Marketing is a Mindset

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Photo courtesy of Christine Benton. 

Author: Do You Believe?

If you want to start a new habit or change an old habit, what is the one ingredient that makes the difference between failure and success?

Are you cultivating this habit?

According to Charles Duhigg in his book The Power of Habit, that key ingredient is belief. Charles reports that all habits follow a similar pattern:

  1. A cue
  2. A routine
  3. A reward

He asserts that no matter what habit you are trying to change—drinking too much, quitting smoking, eating healthier, or exercising more—that you must change the routine. Changing the routine writes a new habit over the old habit. The cue and the reward stay that same, but now a new behavior is accessed for the old cue.

Someone who wants to eat less may note that they eat when they are bored. The cue is boredom. The routine is eating something. The reward is not feeling bored. To change the habit, the person needs a new routine. It might be that they decide to go for a walk when they feel bored instead of eating. If they change the routine to a walk, they have written a new, healthier habit over the old habit.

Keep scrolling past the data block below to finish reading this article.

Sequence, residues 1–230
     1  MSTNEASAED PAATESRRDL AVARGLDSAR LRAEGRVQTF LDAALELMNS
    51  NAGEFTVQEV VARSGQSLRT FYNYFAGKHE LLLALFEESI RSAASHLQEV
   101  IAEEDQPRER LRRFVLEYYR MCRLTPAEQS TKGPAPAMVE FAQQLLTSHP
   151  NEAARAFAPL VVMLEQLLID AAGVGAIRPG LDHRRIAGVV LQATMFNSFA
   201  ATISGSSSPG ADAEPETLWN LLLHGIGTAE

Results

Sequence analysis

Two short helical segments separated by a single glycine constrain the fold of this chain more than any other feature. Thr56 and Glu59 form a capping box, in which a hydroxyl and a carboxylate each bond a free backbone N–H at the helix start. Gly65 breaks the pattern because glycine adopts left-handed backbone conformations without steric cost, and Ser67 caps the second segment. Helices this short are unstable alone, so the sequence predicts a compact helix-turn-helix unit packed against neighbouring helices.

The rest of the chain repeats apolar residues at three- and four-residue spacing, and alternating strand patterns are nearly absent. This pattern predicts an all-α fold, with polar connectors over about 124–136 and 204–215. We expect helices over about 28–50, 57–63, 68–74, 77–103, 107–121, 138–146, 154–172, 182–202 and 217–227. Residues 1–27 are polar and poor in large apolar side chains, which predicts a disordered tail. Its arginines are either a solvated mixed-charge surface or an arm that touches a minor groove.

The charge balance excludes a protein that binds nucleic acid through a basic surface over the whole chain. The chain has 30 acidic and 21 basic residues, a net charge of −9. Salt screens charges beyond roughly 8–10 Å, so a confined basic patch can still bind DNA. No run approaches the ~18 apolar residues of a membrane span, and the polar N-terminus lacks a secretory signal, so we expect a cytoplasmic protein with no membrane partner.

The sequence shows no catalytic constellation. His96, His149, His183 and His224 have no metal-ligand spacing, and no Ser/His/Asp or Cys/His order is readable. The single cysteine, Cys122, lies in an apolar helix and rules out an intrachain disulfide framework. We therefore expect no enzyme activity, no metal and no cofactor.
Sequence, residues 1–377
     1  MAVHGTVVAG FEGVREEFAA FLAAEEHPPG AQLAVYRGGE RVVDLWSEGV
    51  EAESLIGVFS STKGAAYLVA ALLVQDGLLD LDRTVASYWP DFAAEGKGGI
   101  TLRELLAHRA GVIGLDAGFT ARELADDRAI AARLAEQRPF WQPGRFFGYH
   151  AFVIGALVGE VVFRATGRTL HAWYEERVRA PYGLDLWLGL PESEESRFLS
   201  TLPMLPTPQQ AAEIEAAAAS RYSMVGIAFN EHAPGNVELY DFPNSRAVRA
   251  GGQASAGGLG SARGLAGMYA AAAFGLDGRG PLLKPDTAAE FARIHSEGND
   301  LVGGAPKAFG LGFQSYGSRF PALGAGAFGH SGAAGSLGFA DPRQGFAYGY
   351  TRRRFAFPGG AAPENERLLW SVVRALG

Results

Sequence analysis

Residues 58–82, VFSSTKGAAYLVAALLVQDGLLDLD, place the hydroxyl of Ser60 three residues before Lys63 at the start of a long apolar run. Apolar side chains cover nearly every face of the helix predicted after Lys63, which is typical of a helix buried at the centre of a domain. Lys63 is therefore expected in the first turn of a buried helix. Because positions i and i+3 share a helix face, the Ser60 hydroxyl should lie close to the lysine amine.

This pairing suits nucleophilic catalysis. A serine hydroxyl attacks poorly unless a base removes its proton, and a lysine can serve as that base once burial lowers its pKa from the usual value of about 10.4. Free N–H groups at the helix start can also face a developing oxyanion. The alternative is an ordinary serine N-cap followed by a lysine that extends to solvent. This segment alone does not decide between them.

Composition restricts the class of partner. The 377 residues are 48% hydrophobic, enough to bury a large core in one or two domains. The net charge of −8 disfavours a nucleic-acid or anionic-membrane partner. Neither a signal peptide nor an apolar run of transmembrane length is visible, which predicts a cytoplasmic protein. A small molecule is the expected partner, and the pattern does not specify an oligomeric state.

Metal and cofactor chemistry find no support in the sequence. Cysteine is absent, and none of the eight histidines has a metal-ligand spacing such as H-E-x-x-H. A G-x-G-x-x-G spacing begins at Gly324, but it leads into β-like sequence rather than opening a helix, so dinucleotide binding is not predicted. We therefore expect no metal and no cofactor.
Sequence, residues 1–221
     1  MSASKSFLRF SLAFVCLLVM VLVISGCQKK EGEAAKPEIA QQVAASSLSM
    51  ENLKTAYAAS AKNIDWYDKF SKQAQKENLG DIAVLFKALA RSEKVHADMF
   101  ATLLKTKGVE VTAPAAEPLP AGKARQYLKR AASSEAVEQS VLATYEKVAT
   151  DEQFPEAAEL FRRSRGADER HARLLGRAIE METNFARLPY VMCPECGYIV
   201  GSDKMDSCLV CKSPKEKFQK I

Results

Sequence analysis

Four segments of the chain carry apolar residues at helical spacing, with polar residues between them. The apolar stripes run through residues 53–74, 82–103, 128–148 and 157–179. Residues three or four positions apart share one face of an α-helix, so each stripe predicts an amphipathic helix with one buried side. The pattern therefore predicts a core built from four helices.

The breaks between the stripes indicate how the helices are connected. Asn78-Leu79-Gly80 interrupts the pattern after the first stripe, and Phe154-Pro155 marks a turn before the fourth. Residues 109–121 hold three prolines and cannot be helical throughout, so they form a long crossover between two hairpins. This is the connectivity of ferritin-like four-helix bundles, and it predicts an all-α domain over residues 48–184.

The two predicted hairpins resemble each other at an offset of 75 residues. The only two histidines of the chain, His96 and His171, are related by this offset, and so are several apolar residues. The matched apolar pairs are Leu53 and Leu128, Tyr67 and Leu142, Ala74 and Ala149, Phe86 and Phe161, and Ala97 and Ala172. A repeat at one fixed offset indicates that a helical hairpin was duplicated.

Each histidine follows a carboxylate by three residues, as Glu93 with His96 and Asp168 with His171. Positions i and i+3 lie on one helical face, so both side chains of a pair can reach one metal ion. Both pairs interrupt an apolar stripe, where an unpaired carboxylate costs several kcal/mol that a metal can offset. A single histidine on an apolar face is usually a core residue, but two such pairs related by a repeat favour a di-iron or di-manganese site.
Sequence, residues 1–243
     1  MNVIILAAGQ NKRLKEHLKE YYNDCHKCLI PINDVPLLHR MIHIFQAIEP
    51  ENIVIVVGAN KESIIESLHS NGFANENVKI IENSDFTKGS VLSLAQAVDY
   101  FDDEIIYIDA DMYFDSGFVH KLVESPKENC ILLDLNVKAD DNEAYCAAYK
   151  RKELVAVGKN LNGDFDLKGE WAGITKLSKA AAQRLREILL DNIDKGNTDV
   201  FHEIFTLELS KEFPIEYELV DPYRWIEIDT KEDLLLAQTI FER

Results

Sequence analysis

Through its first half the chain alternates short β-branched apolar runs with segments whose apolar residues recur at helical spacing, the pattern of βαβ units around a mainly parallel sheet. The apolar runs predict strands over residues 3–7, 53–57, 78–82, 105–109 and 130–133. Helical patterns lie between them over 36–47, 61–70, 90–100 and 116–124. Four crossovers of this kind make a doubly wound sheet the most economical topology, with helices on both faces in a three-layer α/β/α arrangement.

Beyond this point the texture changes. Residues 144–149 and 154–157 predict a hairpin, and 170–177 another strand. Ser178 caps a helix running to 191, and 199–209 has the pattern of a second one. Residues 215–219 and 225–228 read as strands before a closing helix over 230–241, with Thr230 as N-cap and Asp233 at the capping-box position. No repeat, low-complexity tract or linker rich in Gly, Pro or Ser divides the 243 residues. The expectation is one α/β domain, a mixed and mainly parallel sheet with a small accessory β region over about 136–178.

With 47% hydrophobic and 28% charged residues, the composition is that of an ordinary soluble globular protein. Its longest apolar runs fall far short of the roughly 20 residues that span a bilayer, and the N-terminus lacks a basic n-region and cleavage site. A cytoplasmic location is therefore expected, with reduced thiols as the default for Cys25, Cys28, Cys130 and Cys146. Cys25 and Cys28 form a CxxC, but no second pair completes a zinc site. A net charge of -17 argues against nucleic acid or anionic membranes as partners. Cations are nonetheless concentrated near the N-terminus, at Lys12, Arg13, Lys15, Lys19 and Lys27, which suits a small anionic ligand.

However, for the new routine to actually stick and work, the person has to believe that they can change. Without belief, we have trouble changing a habit. Instead, we fall back into the old routine when things get tough. So, for someone to kick an addiction, lose weight, or get in shape, she has to believe that she is capable of doing it.

What about you? Do you believe:

  • That your book makes a difference?
  • That some people need what you provide in your book?
  • That your marketing efforts will have some success?
  • That the time you spend marketing is meaningfully spent?

If you want to get into the habit of spending time each day marketing your book, then first and foremost, you must believe that your time will be well spent, that it will introduce people to your book, and that your sales will increase as a result. Belief is required for you to develop a daily marketing habit.

Once you believe that your marketing efforts can actually make a difference for your book sales, then the next thing you must do is develop a cue to help you remember to engage in marketing activities. Maybe you decided you will do one or two marketing activities on your lunch break. Then lunch will be your cue to engage in marketing.

Develop a list of marketing activities that you can do each day. That way, you are prepared. If you need ideas, check out the ideas in “Are You Willing to Commit?” and “10 Daily Book Marketing Activities for 2019”.

Developing a marketing habit is not easy, but it is a habit that can improve your book sales. However, you must believe that marketing will make a difference for the habit to stick.

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Do You Have This Habit?
Are You Marketing Effectively?